When people point out errors in your book, your blurb, your website, or wherever, LISTEN. Of course, you should check on their accuracy. But they may be helping you. Never mistake a technical correction for a personal attack. Unless you are writing about grammar, a criticism of your grammar can only help you.

If you laugh off someone’s criticism and feel like it’s no big deal, then you are also laughing off your own success. Take them seriously, even if they are wrong. If you don’t take their advice, it’s appropriate to tell them why.

I have received criticism for my writing as well, and some helped me to fix major mistakes in my work. Others were a matter of preference rather than correctness, and others still were items that I had discussed with my editor and deferred to her judgment. Still, I explained these to the person kind enough to point them out.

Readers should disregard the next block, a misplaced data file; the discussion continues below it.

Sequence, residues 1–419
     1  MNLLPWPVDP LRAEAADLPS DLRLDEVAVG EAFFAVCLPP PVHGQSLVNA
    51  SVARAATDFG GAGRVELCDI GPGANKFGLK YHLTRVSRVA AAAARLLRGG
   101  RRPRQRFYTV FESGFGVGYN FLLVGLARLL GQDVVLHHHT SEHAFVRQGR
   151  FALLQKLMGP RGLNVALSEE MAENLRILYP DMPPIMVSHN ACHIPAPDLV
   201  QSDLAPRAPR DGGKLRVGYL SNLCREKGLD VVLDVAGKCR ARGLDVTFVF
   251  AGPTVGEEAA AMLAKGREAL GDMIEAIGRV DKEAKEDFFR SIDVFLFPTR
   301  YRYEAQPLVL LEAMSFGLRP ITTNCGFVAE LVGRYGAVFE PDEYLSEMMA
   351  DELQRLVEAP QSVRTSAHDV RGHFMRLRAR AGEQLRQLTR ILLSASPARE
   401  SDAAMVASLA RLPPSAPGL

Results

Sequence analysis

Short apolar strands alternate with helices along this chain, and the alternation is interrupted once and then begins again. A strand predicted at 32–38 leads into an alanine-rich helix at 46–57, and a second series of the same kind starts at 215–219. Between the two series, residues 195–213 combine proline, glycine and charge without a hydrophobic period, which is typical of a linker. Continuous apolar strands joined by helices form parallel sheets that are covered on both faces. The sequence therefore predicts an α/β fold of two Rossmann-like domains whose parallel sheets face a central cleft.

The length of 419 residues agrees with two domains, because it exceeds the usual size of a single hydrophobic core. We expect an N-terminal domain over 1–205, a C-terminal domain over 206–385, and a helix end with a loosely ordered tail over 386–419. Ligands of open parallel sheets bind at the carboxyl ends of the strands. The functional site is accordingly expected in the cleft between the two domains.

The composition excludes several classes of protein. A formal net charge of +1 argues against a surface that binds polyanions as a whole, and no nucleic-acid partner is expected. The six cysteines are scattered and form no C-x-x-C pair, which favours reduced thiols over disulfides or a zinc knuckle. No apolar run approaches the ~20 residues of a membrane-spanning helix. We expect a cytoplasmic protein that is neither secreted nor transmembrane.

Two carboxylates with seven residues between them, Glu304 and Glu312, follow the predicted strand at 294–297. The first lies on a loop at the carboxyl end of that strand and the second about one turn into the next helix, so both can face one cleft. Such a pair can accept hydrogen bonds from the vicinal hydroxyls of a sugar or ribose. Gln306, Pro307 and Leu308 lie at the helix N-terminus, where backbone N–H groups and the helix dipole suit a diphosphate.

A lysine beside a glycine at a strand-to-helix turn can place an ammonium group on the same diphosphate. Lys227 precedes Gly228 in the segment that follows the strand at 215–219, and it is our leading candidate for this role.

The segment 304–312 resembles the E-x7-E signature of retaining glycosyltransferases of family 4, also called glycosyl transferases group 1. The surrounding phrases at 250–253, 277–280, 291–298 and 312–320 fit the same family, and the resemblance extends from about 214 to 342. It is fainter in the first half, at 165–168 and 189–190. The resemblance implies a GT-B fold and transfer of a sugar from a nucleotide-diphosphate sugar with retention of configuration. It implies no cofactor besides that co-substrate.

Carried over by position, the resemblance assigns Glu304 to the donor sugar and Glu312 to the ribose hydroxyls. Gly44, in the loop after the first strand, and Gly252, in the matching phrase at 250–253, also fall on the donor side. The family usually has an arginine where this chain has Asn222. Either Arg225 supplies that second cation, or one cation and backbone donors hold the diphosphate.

Everyone makes mistakes. Sometimes Microsoft Word seems possessed, deleting important bits and allowing strange mistakes to remain after I thought I deleted them. We understand that. Just know that a stranger will view their first glimpse at your writing as your best.

If you treat your writing like an unimportant hobby, that’s how it will stay. Nobody is interested in rocketing you to fame when you don’t really care. To succeed as a writer you have to approach it as a business with all the professionalism required by a job. Even more, it’s a sales job, so your audience’s first look might be your only shot. Make that shot a bulls-eye!

Categories: Publicity | Tags: , , , , , , , | 1 Comment

Look!

I have to link to Quillwielder’s post on synopses! This is a vital part of a book and the hook that catches your readers.

http://quillwielder.com/2011/11/26/book-proposal-synopsis/

Categories: Writing | Tags: , , , | Leave a comment